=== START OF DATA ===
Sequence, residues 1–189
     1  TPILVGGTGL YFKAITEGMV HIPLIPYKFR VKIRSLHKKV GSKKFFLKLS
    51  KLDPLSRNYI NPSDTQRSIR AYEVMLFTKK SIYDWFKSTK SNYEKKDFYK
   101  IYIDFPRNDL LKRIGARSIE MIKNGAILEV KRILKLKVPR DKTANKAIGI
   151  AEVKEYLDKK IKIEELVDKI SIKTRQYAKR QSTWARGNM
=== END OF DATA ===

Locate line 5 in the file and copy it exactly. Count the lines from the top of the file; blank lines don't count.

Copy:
   151  AEVKEYLDKK IKIEELVDKI SIKTRQYAKR QSTWARGNM